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We spent 80 hours researching more than 60 Bluetooth-equipped car stereo receivers, surveyed hundreds of Wirecutter readers, and bench-tested a half-dozen front-runners to see which models were the easiest to use and offered the best bang for the buck. The $100 Pioneer MVH-X370BT is the one we’d recommend for most people. It doesn’t have a CD player, but it does have the best Bluetooth smartphone support, easiest setup, and the simplest interface out of any of the six finalists we tested—some of which cost over twice as much.
How we decided
I started by reading what few car stereo reviews remain from CNET, CarAudioNow, Crutchfield, and customer reviews from Amazon and Best Buy. I then interviewed experts from Crutchfield, about what to look for and conducted a reader survey to figure out what you wanted from a great stereo. This narrowed the list down from the over 100 available options down to a handful of representatives from each major company that places ease of use, robust Bluetooth capabilities, and value above fancier features like satellite radio and touchscreens. We focused on smaller single-DIN units because while you can use a single-DIN stereo in a double-DIN car, the reverse is not true. Also single-DIN units are the most ubiquitous among the population of cars on the road. Eventually I settled on representatives from most of the major brands: Alpine’s UTE-52BT; Pioneer’s DEH-X8700BS, DEH-X6700BT, MVH-X560BT, and MVH-X370BT; JVC’s KD-AR959BS, Kenwood’s KDC-X998 and KDC-X598, and Sony MEX-N5000BT.
With these in hand, I spent 30 hours subjecting each to a variety of bench tests. I evaluated ease of installation, ease of use/interface design, ease of pairing with a new smartphone (Apple and Android), music quality, call quality, and any extras as well (like the ability to simultaneously connect to multiple phones).
Despite being the cheapest unit we looked at, Pioneer’s CD-less MVH-X370BT Digital Media Receiver impressed us at every stage despite going against competitors costing twice as much or more. It was the only unit that felt like it was designed with smartphone users in mind—as opposed to something that’s grudgingly trying to keep up while lugging around a CD player and other outdated technologies.
The Pioneer is barebones in its feature set, but makes up for it with thoughtful design: Its Bluetooth pairing procedures took seconds as opposed to minutes; it displays song playback information when connected wirelessly (other units required a USB connection to do this); and sources that aren’t actively being used (e.g. if your aux or USB input has nothing plugged in) disappear from the source selection rotation so you can access the inputs you actually use and want more quickly. Overall, it’s a breath of fresh air in a field of stale competition.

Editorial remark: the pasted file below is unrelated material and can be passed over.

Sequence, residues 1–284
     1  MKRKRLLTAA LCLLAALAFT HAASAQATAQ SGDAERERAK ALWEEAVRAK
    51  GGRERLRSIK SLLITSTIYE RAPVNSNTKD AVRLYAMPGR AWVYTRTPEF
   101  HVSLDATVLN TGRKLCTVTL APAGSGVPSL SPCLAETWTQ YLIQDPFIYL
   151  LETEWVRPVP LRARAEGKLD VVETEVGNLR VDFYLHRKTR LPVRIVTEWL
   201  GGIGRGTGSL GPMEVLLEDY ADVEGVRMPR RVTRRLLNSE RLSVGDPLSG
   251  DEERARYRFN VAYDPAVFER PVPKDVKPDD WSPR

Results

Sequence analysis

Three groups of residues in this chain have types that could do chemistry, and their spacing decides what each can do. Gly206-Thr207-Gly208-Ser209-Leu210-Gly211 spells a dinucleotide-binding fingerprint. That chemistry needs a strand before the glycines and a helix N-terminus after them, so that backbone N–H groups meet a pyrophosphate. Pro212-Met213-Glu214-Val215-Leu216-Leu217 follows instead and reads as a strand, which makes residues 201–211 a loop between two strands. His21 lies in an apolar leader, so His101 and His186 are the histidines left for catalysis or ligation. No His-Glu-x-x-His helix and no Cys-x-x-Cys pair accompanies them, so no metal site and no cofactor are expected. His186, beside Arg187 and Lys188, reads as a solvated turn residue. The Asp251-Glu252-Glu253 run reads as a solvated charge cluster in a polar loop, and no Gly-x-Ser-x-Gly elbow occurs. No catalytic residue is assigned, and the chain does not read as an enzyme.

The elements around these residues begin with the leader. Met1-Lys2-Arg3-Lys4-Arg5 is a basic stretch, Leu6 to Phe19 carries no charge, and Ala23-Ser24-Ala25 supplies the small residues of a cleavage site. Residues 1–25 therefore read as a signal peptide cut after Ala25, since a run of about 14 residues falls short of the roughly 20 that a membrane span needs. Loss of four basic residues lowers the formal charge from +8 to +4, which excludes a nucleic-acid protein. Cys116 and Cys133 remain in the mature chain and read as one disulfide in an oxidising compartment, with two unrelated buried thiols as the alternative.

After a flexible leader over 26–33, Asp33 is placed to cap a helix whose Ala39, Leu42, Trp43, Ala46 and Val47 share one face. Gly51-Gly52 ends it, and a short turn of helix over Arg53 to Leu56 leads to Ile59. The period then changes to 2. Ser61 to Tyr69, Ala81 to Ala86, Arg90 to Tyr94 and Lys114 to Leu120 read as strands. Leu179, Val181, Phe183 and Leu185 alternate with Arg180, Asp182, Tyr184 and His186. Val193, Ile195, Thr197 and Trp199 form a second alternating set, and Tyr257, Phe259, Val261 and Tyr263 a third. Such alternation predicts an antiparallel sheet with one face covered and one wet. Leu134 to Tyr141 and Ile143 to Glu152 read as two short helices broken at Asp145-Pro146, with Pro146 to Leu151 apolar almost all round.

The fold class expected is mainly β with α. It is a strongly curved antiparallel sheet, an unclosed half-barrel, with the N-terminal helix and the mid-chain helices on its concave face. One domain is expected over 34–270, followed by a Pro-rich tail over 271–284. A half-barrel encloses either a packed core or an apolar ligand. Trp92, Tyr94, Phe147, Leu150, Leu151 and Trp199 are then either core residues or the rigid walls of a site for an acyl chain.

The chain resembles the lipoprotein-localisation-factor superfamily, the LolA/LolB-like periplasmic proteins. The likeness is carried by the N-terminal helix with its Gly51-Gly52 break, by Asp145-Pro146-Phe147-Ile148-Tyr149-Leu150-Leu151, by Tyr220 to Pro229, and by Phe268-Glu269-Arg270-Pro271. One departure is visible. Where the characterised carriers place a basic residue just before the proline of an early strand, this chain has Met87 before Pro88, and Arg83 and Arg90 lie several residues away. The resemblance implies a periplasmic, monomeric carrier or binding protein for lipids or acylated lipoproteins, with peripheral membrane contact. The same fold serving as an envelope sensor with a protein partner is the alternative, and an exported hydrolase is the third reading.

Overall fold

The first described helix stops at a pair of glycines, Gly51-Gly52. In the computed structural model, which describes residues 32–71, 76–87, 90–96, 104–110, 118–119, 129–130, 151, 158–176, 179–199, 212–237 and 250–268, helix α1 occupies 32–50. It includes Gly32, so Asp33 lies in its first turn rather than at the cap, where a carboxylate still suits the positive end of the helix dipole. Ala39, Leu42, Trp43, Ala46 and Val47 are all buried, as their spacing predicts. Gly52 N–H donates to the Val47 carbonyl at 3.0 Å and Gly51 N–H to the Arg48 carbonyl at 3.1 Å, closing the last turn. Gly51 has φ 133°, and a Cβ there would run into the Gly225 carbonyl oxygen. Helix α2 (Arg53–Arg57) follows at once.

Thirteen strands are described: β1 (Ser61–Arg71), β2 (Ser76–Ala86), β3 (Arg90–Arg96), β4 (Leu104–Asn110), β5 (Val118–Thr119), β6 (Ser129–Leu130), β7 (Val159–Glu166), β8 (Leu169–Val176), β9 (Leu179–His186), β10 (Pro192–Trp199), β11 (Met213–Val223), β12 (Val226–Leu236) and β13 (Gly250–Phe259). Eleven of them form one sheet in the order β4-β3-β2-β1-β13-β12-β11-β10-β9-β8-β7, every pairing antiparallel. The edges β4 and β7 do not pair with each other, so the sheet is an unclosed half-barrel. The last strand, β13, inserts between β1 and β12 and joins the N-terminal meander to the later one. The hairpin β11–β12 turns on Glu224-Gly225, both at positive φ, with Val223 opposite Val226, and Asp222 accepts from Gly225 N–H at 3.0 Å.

The Pioneer can show song playback information over a Bluetooth connection, while many other models require a USB connection to do so.
Despite being the cheapest unit we looked at, Pioneer’s CD-less MVH-X370BT Digital Media Receiver impressed us at every stage.
If the MVH-X370BT isn’t available, it’s hard to go wrong with Pioneer’s other Bluetooth-equipped stereos. The CD-equipped DEH-X6700BT costs $20 more and has all the features we liked about our main pick (though the CD player is annoying if you don’t actually use it). It also adds a customizable color display that you can match to your car’s interior. But we don’t think it’s worth the extra $20 if you can find the MVH-X370BT first.
Similarly, you can spend more to get the MVH-X560BT, which is a small step up from our main pick, but it costs 30% more, and most people won’t really notice the features it adds. It’s CD-free and has a very similar interface (though it annoyingly has its USB and Aux inputs on the back of the unit, which makes them a pain to access), but $30 is a lot to pay for customizable colors on the display and an extra line of text for more song info. But if our top pick is sold out and you just can’t abide having a CD player, it’s worth looking into.
Even better/Step up
The $260 Kenwood Excelon KDC-X998 is worth paying extra for if you need HD Radio/Sirius XM compatibility or if you want to expand your car’s audio system beyond the typical four-channel affair. As far as smartphone support goes, the Kenwood has Siri Eyes-Free and easy Bluetooth pairing (like the Pioneers) but uses the older Bluetooth HFP 1.5, which has lower call quality. The interface is also generally clunkier to navigate through because it has about a dozen source inputs between specific apps, different radios, and the CD player. More is more, but more is not always better. You’ll likely appreciate the user-friendliness of our top pick more than the extra capabilities of this higher-end stereo.
This guide may have been updated. To see the current recommendation please go to TheWirecutter.com.